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New Insights from Genetic Data Sets on the Function and Evolution of Visual Systems: Introduction to a Virtual Symposium in The Biological Bulletin.

Visual systems have long intrigued biologists interested in the function and evolution of complex traits. To understand how eyes function and evolve, it is helpful to identify and characterize their molecular components. For example, one may predict that cells in an animal are likely to be light-sensitive if they express opsin, a type of G-protein-coupled receptor (GPCR) that binds a light-reactive molecule of retinal as a chromophore. If an opsin is from a well-characterized family and its primary sequence is known, we can predict functional aspects of the photoreceptors in which it is expressed, such as the wavelengths of light to which these photoreceptors are most sensitive (Yokoyama, 2000. Prog. Retin. Eye Res. 19: 385-419). The wavelength sensitivities of eyes may then be inferred from the identities and relative expression levels of the opsins expressed in the photoreceptors of their retinas (Carleton and Kocher, 2001. Mol. Biol. Evol. 18: 1540-1550). Thus, genetic data sets help generate important new hypotheses regarding visual function and the evolution of eyes.

By studying molecular components of vision in extant species, we can explore how, when, and in what order the molecular components of a visual system came to be expressed together (Oakley and Speiser, 2015. Annu. Rev. Ecol. Evol. Syst. 46: 237-260). We can also ask questions such as: Do convergent changes in genotype tend to underlie convergent changes in phenotype during the evolution of eyes? And what are the relationships between genotypic and phenotypic complexity in visual systems--for example, to what extent can the number of different opsins expressed in an eye lead to accurate predictions about color vision?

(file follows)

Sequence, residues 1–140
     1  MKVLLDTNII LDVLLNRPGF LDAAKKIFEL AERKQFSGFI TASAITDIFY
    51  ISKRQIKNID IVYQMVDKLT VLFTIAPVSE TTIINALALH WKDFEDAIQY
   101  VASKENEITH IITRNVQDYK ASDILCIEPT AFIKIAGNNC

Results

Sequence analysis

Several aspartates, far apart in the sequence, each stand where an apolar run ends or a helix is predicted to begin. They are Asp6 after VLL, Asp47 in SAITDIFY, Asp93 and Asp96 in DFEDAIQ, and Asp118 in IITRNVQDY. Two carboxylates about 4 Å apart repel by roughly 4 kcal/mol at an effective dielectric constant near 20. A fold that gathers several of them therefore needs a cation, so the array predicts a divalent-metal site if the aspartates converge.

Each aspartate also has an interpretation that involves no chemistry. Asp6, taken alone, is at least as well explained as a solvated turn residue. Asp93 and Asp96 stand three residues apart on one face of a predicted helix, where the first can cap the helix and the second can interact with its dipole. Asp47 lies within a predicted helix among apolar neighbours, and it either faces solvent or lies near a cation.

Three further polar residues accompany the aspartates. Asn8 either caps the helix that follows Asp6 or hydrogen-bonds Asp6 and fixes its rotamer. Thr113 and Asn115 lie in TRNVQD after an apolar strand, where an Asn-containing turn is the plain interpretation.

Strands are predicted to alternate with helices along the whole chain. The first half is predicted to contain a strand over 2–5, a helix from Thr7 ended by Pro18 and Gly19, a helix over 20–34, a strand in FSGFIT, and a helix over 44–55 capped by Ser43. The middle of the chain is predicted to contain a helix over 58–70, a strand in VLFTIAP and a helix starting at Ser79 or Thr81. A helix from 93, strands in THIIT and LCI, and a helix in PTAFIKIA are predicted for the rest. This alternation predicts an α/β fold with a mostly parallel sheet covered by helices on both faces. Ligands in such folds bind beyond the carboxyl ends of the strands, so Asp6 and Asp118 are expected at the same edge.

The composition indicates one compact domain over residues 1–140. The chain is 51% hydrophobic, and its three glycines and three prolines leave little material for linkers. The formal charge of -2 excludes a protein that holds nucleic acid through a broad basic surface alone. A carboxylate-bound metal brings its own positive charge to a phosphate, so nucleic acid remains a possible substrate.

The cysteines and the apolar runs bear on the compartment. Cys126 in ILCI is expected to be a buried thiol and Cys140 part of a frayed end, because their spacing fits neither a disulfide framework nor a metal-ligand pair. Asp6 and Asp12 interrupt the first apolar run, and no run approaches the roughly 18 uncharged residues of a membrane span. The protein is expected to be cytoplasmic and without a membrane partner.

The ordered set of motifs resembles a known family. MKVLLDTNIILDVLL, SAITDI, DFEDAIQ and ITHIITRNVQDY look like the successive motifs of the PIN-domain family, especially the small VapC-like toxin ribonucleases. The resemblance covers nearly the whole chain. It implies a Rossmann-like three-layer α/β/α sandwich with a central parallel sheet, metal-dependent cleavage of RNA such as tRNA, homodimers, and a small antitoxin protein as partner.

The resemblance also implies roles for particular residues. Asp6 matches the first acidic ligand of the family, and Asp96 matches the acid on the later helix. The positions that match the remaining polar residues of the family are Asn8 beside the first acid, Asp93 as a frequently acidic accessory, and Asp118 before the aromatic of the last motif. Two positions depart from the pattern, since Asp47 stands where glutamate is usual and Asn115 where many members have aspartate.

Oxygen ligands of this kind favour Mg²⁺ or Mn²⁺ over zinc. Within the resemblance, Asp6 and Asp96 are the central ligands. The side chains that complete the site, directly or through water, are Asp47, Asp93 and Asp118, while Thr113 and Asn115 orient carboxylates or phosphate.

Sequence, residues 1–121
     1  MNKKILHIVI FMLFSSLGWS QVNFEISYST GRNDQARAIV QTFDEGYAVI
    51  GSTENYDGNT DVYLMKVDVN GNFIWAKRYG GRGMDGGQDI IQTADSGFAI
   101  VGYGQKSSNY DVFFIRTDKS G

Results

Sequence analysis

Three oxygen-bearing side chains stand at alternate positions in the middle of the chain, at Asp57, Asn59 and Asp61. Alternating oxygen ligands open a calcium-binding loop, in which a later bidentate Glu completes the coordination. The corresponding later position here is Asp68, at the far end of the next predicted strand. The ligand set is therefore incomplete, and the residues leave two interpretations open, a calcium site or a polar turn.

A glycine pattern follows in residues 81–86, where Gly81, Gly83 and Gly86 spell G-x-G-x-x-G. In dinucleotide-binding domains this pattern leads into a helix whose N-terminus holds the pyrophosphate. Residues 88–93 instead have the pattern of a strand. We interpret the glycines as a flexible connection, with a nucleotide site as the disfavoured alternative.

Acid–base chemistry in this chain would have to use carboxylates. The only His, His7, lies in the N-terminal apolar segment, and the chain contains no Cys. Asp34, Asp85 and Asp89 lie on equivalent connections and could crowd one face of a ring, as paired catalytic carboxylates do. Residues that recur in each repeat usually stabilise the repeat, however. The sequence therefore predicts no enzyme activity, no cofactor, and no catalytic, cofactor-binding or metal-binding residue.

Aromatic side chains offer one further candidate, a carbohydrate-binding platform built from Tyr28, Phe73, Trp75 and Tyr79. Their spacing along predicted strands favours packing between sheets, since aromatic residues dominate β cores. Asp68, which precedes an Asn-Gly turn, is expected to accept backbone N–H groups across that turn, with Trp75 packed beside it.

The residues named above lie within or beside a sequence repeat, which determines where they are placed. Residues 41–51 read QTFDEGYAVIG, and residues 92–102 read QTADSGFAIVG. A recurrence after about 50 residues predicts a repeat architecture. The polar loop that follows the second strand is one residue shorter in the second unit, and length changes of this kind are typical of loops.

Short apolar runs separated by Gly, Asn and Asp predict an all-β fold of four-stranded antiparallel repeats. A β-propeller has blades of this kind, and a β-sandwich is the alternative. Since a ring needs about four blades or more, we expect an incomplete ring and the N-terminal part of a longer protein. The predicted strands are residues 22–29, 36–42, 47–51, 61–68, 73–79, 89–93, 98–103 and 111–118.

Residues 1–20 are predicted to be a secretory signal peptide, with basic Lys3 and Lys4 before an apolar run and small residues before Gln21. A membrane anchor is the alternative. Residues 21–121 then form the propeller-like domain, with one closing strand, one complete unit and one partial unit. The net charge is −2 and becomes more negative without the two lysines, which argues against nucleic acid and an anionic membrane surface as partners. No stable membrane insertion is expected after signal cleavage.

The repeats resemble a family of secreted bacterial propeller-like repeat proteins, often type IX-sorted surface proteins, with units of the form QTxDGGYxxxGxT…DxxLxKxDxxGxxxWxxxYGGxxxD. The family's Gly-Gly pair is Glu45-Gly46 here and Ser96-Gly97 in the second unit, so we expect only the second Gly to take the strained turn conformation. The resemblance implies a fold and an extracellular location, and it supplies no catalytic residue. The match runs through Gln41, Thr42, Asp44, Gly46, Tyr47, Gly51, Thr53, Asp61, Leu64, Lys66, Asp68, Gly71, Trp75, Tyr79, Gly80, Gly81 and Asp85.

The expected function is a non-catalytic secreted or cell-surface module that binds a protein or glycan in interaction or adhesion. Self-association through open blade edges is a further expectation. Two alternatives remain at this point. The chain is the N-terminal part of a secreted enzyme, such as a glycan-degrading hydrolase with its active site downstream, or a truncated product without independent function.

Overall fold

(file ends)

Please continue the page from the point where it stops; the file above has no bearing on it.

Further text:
New genetic resources are transforming the field of comparative vision research. New technology for high-throughput genetic sequencing has greatly increased the pace at which we are identifying and characterizing the molecular components of vision. New computational tools for assembling transcrip-tomes de novo (i.e., assembling transcriptomes without the use of a genome as a scaffold) have also been beneficial. These tools have made possible the rapid accumulation of genetic resources for nonmodel organisms that have previously lacked such data but that are well suited for studies of physiology, development, or visual ecology. Combining new genetic resources with emerging methods for genetic manipulation (such as CRISPR/Cas9) allows research to be extended beyond a few model systems, better exploiting organismal diversity and the power of a comparative approach.

In this virtual symposium, several general themes emerge that reflect how new genetic resources are reshaping how we think about the function and evolution of visual systems. First, the sequencing of transcriptomes continues to reveal that light sensitivity in animals extends beyond eyes to tissues such as brains and skin. These extraocular photoreceptors have been difficult to identify in the past because they often lack the morphological specializations--such as expanded surface areas or associations with screening pigments--that characterize photoreceptors found in eyes. For example, Battelle (pp. 3-20) summarizes recent integrative research, indicating that opsin-mediated photosensitivity is distributed widely throughout the central nervous system of the horseshoe crab Limulus. In contrast, Donohue et al. (pp. 58-69) report that mantis shrimp--crustaceans well known for expressing an astonishing diversity of opsins in their eyes--may restrict the distribution of extraocular photoreceptors in their central nervous system to their cerebral ganglion, where they may express as many as four different opsins. As indicated by these two contributions, we continue to discover novel extraocular photoreceptors as we sequence a greater diversity of tissues from a wider range of taxa.